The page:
The benefits of immersion learngin

Immersion as a Way to Improve Language Skills

This month’s blog post is written by Caitlin Morgan, daughter of Alex Morgan our Managing Director here at Abbey Communication. Caitlin is currently on a year abroad in France and below she describes the benefits of an immersive learning experience on her language skills so far!

immersive language experience

“It’s been said time and time again by those in the know: immersing yourself entirely in a different country and culture is the best, and most effective, way of improving your language skills. As someone currently on their year abroad in France, I have, and am continuing to have, first-hand experience of the immersion experience. As of the 27th October 2019, I’ve been living in France, and I can tell you with absolute certainty that this has been the most challenging thing I’ve ever had to do. But, I can also tell you that it will end up being one of the most useful things I will ever do. The immersion experience is a completely overwhelming experience, but there are undeniable benefits.

Firstly, an unavoidable benefit of immersion is that you are absolutely forced to speak and listen in your target language. You can’t just revert back to your native language, because the chances of someone being able to speak your native language are slim to none. You are forced to find ways around saying things instead of just copping out and pointing and shouting in English like many Brits Abroad do. Although it is incredibly difficult, this obstacle allows you to find ways to express yourself and your language develops at an unbelievable pace. While your sentences may be a bit convoluted and not exactly grammatically perfect (my sentences in English aren’t even grammatically perfect!), you’re still forcing yourself to speak in the target language no matter what. Indeed, by doing this, the native speaker with whom you are interacting will be able to tell you what you mean and how to express the idea in a much more simplistic way. You would not be able to get this if you had given up and reverted back to your native tongue. Immersion is a forceful process. It pushes you far, far out of your comfort zone, but this enables you to reach into the depths of your brain and find the vocabulary that you need. Repeating this daily means your vocabulary and grammar will improve.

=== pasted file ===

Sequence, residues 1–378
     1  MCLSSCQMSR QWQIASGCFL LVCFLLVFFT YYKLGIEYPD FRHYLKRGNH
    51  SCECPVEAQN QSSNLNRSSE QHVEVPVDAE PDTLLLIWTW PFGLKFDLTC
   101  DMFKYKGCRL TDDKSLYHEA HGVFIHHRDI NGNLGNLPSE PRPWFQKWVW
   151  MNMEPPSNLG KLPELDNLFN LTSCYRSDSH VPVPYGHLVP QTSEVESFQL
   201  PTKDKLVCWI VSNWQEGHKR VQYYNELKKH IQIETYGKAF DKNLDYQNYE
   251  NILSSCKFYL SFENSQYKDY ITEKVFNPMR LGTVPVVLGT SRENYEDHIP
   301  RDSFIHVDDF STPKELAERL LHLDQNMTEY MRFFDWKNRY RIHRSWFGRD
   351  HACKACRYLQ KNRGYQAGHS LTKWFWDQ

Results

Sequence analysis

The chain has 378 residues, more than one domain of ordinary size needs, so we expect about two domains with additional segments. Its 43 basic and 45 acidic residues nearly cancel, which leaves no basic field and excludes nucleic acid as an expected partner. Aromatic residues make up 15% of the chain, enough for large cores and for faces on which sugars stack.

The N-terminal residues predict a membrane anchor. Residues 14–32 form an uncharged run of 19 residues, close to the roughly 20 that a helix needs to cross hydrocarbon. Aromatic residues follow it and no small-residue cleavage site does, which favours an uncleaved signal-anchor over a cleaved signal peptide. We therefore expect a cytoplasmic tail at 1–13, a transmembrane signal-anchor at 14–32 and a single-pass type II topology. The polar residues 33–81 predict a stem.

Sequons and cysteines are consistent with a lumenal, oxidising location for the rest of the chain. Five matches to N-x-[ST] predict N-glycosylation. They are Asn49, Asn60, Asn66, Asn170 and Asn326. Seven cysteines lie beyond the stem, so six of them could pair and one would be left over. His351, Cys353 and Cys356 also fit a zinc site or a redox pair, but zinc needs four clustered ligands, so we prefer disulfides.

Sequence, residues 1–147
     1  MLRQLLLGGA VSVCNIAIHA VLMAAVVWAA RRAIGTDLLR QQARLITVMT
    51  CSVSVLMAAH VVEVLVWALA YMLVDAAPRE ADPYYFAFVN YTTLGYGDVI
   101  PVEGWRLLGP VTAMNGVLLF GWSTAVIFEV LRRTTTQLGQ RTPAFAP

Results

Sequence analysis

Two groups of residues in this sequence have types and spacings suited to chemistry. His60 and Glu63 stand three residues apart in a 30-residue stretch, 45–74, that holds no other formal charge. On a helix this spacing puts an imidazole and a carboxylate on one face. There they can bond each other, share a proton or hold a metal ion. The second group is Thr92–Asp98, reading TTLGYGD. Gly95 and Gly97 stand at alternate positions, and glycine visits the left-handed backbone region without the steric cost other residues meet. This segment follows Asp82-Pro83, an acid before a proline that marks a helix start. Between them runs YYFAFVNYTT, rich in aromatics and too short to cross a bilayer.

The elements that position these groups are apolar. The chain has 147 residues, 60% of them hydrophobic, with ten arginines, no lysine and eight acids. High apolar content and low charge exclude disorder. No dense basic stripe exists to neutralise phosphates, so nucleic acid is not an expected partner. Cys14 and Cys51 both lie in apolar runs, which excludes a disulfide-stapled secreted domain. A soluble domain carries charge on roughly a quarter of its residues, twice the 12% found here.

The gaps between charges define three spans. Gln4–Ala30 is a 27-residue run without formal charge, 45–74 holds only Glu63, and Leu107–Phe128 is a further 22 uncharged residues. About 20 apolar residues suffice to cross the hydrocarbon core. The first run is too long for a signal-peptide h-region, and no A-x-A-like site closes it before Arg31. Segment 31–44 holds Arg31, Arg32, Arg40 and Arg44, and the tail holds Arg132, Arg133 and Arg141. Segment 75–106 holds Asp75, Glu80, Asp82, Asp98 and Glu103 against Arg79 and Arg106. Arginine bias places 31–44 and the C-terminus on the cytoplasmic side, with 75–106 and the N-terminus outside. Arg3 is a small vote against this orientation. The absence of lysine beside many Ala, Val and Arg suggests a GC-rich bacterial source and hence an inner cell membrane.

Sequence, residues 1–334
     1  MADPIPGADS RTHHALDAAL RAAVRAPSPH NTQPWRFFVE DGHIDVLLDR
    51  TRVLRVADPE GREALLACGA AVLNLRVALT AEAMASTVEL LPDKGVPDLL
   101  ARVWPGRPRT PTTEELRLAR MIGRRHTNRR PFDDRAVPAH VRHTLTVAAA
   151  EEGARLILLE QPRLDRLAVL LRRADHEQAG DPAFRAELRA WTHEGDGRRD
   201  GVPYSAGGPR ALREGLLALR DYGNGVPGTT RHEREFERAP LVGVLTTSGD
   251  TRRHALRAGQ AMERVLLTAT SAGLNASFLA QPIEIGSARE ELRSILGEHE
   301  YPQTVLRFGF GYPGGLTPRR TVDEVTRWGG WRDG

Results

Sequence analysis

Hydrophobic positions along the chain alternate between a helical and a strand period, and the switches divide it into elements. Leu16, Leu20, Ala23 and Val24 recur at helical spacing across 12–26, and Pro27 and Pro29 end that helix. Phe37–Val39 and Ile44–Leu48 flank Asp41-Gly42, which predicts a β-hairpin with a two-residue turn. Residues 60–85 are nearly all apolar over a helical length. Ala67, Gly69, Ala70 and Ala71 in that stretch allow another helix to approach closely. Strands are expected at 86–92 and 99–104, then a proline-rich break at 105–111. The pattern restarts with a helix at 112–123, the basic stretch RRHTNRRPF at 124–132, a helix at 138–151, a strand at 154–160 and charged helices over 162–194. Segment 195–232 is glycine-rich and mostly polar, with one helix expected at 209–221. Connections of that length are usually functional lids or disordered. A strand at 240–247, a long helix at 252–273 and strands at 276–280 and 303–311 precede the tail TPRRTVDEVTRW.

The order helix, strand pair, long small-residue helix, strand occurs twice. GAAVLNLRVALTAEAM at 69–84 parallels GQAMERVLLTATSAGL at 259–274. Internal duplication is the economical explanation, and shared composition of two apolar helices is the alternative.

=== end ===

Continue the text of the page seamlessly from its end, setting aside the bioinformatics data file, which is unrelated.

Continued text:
On a similar note, immersion also allows you to truly speak like a local. It’s all good and well learning a language in a classroom or university lecture theatre, but, undeniably, this is an artificial environment where rigid, old-fashioned grammar rules are taught and where slang is completely banned. By immersing yourself in a language and culture, you pick up on the small phrases and responses that locals genuinely use, but which would never in a million years be found in Bescherelle. These modern, colloquial words and sentences that you hear make communication with a native speaker much easier and certainly, in a business environment, the facilitation of communication is incredibly important. Of course, sticking to rigid, classroom-level language is fine, but using local slang and colloquial terms is imperative in becoming a fluent speaker, and, in my experience, this is only truly achieved through immersion and through hearing the phrases used in the real world and in context.